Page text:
Epic of Gilgamesh Helle, Sophus
The Epic of Gilgamesh is a Babylonian narrative poem that recounts the adventures of the eponymous King Gilgamesh, the legendary ruler of the city state of Uruk. Stories about Gilgamesh were told from at least the 21st century BCE to the second century CE in a variety of formats, including a Sumerian cycle of poems, an epic poem in Akkadian, prose versions in Hittite and Hurrian, and visual depictions, not to mention oral retellings that have not survived in the archeological record. The Babylonian epic developed continuously from the early second to the early first millennium BCE. Scholars recognize three main phases: an Old Babylonian epic that is imperfectly preserved; a Middle Babylonian phase of revision and experimentation; and an edited version in the Standard Babylonian language, composed around the 11th century BCE. The latter version, consisting of twelve Tablets (the twelfth of which forms an appendix to the main narrative of the first eleven), is the best-preserved and best-known account of Gilgamesh's story. The epic can be divided into two parts, the first of which tells of Gilgamesh's love and triumphs, the second of his loss and failures. Gilgamesh is a restless, tyrannic king in Uruk, and the gods send the wild man Enkidu to befriend and distract him. The two become close friends, possibly lovers, and set off on a series of heroic adventures, killing the monster Humbaba and the Bull of Heaven. But halfway through the epic, Enkidu dies, and the second half of the story relates Gilgamesh's profound grief and his ultimately futile attempt to achieve immortality.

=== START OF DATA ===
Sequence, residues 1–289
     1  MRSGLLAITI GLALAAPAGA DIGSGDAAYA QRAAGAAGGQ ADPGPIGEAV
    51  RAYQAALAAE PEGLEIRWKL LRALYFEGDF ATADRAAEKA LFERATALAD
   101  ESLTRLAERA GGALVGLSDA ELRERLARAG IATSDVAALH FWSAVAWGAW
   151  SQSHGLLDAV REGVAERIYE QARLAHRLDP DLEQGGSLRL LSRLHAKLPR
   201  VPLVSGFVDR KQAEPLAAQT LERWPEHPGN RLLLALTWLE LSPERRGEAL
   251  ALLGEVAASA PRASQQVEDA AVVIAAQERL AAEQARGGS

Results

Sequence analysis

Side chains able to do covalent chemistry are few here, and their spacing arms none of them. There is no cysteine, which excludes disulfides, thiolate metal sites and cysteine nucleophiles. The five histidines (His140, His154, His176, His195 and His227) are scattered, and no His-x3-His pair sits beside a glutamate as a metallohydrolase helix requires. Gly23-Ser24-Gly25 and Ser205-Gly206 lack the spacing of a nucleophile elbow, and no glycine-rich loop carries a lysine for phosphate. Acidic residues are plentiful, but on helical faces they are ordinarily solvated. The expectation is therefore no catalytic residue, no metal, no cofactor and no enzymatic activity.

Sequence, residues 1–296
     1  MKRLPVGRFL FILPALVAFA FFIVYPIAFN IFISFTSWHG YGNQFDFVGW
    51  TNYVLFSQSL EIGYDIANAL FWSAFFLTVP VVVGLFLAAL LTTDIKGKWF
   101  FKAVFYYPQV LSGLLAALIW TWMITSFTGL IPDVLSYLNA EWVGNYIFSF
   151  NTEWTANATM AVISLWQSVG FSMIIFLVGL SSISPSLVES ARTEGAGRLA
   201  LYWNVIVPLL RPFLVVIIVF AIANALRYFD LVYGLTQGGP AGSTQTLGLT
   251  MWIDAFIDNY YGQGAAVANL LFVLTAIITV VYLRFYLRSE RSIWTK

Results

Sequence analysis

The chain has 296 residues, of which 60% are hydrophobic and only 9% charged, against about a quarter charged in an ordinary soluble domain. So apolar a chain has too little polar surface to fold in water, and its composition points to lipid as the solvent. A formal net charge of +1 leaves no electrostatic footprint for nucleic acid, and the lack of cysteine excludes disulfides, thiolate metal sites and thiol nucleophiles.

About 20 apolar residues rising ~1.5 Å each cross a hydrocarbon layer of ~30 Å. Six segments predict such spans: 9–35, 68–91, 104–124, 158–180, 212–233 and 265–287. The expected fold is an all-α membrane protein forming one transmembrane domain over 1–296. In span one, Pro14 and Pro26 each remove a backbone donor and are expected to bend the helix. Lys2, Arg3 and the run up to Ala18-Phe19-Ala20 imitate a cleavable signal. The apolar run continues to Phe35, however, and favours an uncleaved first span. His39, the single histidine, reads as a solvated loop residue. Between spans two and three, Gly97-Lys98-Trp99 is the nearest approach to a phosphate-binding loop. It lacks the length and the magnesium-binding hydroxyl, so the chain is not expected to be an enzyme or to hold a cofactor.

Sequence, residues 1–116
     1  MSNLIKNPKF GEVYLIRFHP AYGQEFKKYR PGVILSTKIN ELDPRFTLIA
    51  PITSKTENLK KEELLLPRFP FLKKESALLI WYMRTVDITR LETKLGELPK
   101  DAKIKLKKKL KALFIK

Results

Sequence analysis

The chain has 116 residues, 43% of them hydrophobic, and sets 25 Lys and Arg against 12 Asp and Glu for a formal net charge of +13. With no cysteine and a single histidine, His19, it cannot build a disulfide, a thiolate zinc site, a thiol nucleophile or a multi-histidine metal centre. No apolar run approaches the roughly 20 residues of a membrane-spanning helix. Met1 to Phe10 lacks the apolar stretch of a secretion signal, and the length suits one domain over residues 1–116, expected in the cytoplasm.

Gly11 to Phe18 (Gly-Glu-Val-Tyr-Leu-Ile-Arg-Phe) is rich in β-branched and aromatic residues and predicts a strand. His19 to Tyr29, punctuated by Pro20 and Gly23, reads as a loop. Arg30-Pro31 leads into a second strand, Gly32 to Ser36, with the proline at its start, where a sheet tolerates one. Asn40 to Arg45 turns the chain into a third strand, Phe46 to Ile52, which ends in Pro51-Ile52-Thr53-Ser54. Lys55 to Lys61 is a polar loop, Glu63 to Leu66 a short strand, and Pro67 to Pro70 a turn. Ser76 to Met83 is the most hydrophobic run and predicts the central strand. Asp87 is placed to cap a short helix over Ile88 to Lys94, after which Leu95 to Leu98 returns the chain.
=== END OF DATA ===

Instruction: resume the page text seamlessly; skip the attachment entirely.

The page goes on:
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Attribution 4.0 International